HIV cases have spiked since Craigslist launched personal ads, U of M researcher says

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Craigslist is famous for letting users find just about anything they're looking for – jobs, apartments, musical gear, furniture, free junk, and sex.

It's the latter of these that led one University of Minnesota professor to link the popular website to a rise in reported HIV infections.

Jason Chan, an assistant professor of Information and Decision Sciences at the U of M's Carlson School of Management, is one of two authors of a study suggesting a 15.9 percent increase in HIV cases since Craigslist launched its personals section, according to a release from the university.

Chan told the Star Tribune the idea for the study came while working on his doctorate at New York University. He read about a "doctor who traced sexually transmitted diseases to online chatrooms" and was surprised after conducting a little research on his own.

“I went to Craigslist in New York and went through the ads. To my shock, I found out almost all the ads were hookup ads. They were very explicit,” Chan told the paper.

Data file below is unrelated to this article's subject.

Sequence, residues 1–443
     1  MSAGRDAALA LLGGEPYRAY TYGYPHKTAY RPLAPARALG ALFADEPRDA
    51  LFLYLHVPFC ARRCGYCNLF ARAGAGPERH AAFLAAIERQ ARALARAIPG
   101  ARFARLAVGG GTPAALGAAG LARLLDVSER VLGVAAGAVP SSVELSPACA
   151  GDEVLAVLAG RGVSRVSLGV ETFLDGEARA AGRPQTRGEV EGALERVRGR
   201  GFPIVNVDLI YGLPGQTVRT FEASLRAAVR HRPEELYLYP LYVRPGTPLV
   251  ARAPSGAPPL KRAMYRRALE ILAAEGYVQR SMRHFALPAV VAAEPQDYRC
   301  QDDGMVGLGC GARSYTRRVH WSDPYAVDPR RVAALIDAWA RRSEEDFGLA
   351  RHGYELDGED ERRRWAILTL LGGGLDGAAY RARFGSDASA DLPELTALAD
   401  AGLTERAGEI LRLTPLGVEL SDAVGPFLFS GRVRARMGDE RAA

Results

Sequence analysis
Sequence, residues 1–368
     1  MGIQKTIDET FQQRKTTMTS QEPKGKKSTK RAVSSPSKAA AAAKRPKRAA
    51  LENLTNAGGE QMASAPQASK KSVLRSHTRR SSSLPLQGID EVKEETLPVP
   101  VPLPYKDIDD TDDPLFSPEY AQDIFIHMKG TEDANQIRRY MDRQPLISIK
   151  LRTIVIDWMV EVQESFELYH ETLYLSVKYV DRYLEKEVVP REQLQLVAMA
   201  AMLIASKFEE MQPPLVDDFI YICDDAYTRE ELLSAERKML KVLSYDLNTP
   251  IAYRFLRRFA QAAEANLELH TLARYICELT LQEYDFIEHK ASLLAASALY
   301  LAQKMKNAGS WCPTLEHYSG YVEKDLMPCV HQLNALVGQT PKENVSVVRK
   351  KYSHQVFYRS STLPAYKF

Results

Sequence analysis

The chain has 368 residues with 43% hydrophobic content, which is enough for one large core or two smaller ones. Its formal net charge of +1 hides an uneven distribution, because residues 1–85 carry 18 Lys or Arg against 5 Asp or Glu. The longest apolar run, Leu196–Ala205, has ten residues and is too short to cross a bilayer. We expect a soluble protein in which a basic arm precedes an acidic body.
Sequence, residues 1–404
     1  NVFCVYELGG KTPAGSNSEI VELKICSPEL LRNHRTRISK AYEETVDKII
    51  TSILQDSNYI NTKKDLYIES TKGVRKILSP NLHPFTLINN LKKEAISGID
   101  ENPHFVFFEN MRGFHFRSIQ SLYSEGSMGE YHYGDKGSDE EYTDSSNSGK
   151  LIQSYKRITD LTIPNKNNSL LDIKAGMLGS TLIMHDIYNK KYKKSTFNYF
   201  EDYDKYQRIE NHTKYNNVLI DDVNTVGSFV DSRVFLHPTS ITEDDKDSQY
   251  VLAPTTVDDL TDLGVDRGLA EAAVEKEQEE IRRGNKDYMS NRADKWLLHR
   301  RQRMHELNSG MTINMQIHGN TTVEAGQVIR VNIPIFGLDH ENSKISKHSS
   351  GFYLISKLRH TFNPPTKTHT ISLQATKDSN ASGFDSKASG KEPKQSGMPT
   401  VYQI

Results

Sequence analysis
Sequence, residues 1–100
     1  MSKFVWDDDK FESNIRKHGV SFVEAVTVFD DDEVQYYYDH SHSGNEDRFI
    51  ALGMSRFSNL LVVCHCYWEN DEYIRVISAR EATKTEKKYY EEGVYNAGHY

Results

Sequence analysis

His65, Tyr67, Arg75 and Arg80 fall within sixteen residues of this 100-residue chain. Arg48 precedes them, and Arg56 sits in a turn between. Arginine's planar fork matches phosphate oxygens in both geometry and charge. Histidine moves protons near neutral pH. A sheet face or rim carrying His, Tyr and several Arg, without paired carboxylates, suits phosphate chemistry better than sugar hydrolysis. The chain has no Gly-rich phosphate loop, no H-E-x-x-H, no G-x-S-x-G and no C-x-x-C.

He and his co-researcher Anindya Ghose analyzed data from 33 U.S. states from 1999 to 2008 for their study, which suggests that Craigslist's entry into the market produces an average of over 6,000 HIV cases in the U.S. per year. Their work was published in MIS Quarterly.

Chan was quick to point out, however, that the site's originators are not to blame.

“I actually think that the creators of Craigslist had no intent of harming society. They came in with good intentions,” he said in the U of M release. He did add that they failed to anticipate some of the darker consequences of their service.

Interestingly, the study found that prostitution ads on the site had little to do with the increase in infections. The U of M says that is in line with research showing sex workers are less likely to engage in risky behaviors with their clients.

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